Cambridge Conservation Initiative (CCI) last week unveiled a programme to restore priority landscapes across Europe. The Endangered Landscapes Programme (ELP) will provide a demonstration of nature’s powers of recovery, and the benefits to habitats, species and people of restoring biodiversity and ecosystem processes to degraded land and seas.
The quest to find new ways to harness solar power has taken a step forward after researchers successfully split water into hydrogen and oxygen by altering the photosynthetic machinery in plants.
Even low doses of toxic chemicals in the environment pose a significant risk to cardiovascular health, according to a report in today’s edition of The BMJ, led by researchers at the University of Cambridge. The researchers have also challenged the omission of environmental risk factors such as toxic metal contaminants in water and foods from the recent World Health Organization report on non-communicable diseases (NCDs).
From their base halfway across the globe in Singapore, Cambridge researchers are working with colleagues from around the world to reduce carbon emissions in industry.
In a warehouse to the northeast of Cambridge are shelves upon shelves of trays teeming with maggots, munching their way through a meal of rotting fruit and vegetables. This may sound stomach-churning, but these insects could become the sustainable food of the future – at least for fish and animals – helping reduce the reliance on resource intensive proteins such as fishmeal and soy, while also mitigating the use of antibiotics in the food chain, one of the causes of the increase in drug-resistant bacteria.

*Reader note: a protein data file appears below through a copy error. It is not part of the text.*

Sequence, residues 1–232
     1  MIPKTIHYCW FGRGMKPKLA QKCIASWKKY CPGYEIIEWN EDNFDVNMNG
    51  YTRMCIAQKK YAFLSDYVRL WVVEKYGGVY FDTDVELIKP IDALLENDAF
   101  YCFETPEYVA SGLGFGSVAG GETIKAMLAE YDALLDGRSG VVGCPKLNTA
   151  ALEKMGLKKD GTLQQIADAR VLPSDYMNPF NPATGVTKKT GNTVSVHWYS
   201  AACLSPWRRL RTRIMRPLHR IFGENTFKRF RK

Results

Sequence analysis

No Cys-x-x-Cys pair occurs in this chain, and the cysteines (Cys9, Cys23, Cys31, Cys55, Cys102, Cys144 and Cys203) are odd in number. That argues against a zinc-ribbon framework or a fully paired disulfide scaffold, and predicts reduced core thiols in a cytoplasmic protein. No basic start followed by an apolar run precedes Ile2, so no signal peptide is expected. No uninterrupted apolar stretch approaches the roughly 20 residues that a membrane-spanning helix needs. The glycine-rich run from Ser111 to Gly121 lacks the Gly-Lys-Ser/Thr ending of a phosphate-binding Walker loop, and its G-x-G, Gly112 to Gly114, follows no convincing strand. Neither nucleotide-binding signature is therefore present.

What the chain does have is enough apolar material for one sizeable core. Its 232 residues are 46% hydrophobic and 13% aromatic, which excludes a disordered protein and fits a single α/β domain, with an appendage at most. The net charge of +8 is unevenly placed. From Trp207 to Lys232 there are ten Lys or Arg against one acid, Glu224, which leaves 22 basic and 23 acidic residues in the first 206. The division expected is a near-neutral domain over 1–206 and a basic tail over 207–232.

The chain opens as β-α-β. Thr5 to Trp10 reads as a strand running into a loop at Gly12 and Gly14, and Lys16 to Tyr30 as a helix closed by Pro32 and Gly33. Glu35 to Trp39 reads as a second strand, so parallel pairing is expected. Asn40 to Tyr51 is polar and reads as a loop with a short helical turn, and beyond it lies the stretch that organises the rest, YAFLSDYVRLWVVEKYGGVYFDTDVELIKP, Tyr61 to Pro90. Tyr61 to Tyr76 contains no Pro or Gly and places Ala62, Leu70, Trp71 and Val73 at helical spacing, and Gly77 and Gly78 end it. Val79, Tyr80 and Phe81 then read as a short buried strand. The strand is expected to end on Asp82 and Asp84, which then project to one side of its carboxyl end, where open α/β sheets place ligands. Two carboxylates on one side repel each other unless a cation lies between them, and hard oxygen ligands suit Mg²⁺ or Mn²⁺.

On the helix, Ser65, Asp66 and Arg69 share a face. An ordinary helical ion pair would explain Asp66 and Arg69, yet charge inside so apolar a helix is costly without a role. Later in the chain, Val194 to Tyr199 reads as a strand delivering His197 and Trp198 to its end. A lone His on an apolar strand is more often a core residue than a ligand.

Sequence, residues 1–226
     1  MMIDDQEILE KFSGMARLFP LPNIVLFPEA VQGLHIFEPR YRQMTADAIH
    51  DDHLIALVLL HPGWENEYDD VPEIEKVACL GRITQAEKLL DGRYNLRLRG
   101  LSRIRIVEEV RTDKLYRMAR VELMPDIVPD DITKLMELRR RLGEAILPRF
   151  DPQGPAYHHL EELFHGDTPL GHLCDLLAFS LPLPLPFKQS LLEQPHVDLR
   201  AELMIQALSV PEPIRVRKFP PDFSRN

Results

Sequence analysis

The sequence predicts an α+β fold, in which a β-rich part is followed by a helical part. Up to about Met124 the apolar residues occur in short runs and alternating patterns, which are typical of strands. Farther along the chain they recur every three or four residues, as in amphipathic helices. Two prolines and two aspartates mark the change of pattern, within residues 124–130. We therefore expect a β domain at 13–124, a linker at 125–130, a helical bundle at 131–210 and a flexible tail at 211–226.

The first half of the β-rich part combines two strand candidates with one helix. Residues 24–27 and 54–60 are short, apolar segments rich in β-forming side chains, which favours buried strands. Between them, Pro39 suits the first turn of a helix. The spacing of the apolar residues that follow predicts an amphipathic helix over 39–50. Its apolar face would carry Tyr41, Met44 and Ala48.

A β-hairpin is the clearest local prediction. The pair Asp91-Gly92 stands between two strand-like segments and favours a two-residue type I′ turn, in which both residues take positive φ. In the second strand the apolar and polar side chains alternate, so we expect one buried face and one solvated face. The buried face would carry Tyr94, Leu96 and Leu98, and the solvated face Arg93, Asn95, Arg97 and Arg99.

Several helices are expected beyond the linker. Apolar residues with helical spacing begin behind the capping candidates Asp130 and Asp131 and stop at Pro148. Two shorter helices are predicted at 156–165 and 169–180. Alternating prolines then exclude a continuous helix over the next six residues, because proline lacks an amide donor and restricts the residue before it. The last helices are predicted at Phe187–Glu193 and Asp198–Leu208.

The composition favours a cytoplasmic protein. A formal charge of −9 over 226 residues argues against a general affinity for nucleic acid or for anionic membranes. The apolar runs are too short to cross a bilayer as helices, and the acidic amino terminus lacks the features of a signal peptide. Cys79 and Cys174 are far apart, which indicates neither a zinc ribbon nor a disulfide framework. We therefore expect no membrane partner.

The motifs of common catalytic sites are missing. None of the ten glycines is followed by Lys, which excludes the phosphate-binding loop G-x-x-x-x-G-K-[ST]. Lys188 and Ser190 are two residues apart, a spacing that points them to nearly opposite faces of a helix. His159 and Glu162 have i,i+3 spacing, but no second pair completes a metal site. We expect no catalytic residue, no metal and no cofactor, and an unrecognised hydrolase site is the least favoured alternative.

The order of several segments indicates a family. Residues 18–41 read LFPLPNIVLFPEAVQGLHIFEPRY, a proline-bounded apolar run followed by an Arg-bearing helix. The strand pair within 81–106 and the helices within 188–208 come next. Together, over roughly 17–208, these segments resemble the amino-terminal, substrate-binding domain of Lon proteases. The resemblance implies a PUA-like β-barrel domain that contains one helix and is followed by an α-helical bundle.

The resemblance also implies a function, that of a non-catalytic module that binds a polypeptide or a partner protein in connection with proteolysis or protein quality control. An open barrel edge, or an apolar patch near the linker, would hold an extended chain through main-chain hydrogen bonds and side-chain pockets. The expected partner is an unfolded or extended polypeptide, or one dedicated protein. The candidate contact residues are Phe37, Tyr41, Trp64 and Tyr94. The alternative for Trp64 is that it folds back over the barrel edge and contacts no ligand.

Researchers have identified a group of materials that could be used to make even higher power batteries. The researchers, from the University of Cambridge, used materials with a complex crystalline structure and found that lithium ions move through them at rates that far exceed those of typical electrode materials, which equates to a much faster-charging battery.
The Prince of Wales Global Sustainability Fellowship Programme represents a multi-million-pound commitment from the private sector to accelerate progress on UN Sustainable Development Goals.
Cambridge researchers are part of a cutting-edge project unveiled by Mayor of London Sadiq Khan last week to better understand Londoners’ exposure to air pollution and improve air quality in the capital.
Entries are now open for the Unilever Young Entrepreneurs Awards, supporting and celebrating inspirational young people from all over the world who have initiatives, products or services that tackle the planet’s biggest sustainability challenges.